Top 2 Mistakes Authors Make with their Target Market

I am pumped to be able to talk about a topic that is so important to the success of a writer’s novel. Defining your target market is the most important first step for an author. It’s also one of the most difficult. It involves an understanding of who is your ideal reader (notice I have not puralized ‘reader’).

First start with asking yourself: What is the genre of the story you wish to tell? This is should be simple as most stories typically fall into one bucket. For example, the Extra Innings trilogy is Historical Fiction. Other book genres include:

  • Science Fiction
  • Fantasy
  • Drama
  • Romance
  • Mystery
  • Horror
  • Children’s
  • Biographies
  • Poetry
  • How To/Self-Help
  • Cookbooks
  • Comic Books (which is what I grew up mostly reading)
  • Travel
  • Religion
  • Art History
  • Science (I think you get the point)

On an interesting side note, publishing houses consider trilogies to be a genre of their own. I, however, disagree. It’s sort of like a journal or diary where an author’s fictional or non-fictional work is told with a certain style or platform. Styles would be first person, second or third person narrative style. Platform is the mode in which the story is packaged (ie. journal entries, a single novel, a series or a trilogy).

So anyway, let’s get back to defining your story’s target market.   Among the authors I have researched, are are the Top 2 Mistakes being made with their Target Market:

#1 Mistake is NOT defining a target market.

#2 Mistake is not defining a CLEAR target market

Believe, this occurs quite often with new authors. They have an interesting concept for a story and they may have even completed storyboards or an outline of each chapter and the may have created all their characters and even given them al names. But if you don’t know specifically who you are targeting this story, these chapters and these characters to you will run into a multiple difficulties when it comes to fine-tuning the details of the story and even more difficulties when it comes to marketing your finished product.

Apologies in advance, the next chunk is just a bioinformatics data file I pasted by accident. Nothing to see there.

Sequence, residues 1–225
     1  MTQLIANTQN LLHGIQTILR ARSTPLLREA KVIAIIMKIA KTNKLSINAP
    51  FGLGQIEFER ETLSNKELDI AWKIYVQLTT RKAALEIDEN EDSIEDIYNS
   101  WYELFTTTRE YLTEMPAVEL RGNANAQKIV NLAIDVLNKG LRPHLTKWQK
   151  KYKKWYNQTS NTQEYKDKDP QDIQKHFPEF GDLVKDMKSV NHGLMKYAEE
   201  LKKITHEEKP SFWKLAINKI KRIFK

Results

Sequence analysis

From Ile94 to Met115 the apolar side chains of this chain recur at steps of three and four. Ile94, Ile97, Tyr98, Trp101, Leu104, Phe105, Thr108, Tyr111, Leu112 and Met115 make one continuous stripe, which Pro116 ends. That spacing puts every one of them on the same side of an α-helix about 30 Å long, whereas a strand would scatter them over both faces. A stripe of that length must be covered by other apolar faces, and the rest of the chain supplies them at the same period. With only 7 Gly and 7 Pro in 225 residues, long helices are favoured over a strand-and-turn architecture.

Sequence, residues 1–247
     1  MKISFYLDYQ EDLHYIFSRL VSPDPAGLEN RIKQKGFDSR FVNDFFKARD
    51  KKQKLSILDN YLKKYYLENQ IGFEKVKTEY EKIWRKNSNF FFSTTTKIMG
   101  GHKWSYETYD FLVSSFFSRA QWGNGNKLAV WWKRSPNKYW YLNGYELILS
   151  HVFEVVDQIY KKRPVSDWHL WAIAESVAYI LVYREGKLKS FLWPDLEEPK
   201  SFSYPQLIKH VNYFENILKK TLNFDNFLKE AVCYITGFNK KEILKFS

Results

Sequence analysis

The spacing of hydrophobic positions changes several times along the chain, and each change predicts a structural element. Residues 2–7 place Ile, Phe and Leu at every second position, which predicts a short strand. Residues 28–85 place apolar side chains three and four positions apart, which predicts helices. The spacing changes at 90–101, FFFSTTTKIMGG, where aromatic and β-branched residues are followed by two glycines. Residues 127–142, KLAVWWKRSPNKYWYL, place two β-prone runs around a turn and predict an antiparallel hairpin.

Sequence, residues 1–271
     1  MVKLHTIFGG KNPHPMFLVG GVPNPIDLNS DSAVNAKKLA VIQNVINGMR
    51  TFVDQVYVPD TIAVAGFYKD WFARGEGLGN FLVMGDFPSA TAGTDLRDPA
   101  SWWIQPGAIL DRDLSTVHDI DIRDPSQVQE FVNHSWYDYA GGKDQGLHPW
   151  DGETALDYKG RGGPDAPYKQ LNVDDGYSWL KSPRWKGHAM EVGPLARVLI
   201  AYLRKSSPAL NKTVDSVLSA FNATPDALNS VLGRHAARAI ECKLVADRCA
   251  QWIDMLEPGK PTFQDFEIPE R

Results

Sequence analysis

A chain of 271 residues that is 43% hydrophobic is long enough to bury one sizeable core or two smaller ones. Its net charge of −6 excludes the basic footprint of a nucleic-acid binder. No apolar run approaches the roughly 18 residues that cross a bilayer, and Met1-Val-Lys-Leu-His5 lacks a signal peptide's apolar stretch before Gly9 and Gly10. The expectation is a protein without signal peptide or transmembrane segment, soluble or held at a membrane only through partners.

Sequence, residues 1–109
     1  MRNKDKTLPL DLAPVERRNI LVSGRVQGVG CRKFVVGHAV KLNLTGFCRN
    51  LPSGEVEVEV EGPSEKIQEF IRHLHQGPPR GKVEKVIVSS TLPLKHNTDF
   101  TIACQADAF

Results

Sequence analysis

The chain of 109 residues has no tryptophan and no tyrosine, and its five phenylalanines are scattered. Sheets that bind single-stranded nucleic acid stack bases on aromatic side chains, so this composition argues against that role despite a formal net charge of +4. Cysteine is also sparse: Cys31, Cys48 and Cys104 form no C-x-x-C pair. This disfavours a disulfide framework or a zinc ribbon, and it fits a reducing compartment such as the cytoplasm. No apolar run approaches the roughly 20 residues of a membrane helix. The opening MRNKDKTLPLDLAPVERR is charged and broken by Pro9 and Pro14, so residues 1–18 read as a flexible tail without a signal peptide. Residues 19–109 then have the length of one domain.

So we are going to solve the #1 problem now by accepting that you MUST define your target market. Now that we’ve gotten that out o the way, let’s move onto #2.

Defining a clear target market can quite frankly be a real pain. I, personally, really struggled with this because, like most new authors, I was in love with my book and truly believed that EVERYONE would love it too. However, that is simply not the case. Sorry fellow authors! But your ideal reader (meaning the customers that help you the most to get the word spread with positive feedback) is a specific niche of individuals that you need to identify. Focusing on them will not only save you time but also save you money instead of marketing to groups of people with other interests. I also want to point out that when you are trying to define this target market, disregard “friends and family” as a target group. Your friends and family will (most likely) support you.

When deciding your target market there are two general families of consumer groups you want to research.

  1.  Demographics
  2.  Psychographics

In order to answer what group your readers fall into, you must identify 3 or 4 books similar to yours and identify the specific groups that are interested in that genre.

DEMOGRAPHIC GROUP: Age, Gender, Education, Social Class, Geographic Location and Occupation

PSYCHOGRAPHIC GROUPS: Special Interests, Activities/Hobbies, Occupation (I believe falls in both categories as some people are stuck working a job they have no interest in), Social Factors, Cultural Associations and Philosophical Beliefs.

For example, your research may show that your Target Market is Young Adults (which are people between the ages of 16 and 28), primarily females, who are in high school or at least high school educated in the United States. Primary interests include staying active, family-oriented, social disorganization in communities, social prejudice and environmental racism in America with a particular focus on the US Deep South.

Secondary Target Market could include family-oriented adults who grew up in the United States during the Cold War period with at least a high school education.

Identifying the demographic and psychographic groups in which a typical fan of your book’s genre will gain you faster and more productive results when you go to market your book.

Once you have mastered this, I also advise tracking all feedback you receive on Amazon, Barnes and Noble, as well as your own website. Reach out to your first batch of responding, liking and sharing with your followers via Twitter, Facebook, Pinterest, Google+, or email and conduct some deeper research.

Collect this data and then get out your microscope. This is where you are truly going to be able to define your customer. This is called consumer segmentation. We can get more into this in future blogs, but I will say that understanding your consumer segments will help you to fine-tune your next book. It’s that fine-tuning that produce a story that appeals directly to your existing fans and that’s when they will really start to spread the word and your legacy will begin.

Best of Luck to you all!

B.W. Gibson

Author of Extra Innings: The Diamond Thieves (Book 1 of the Extra Innings trilogy)

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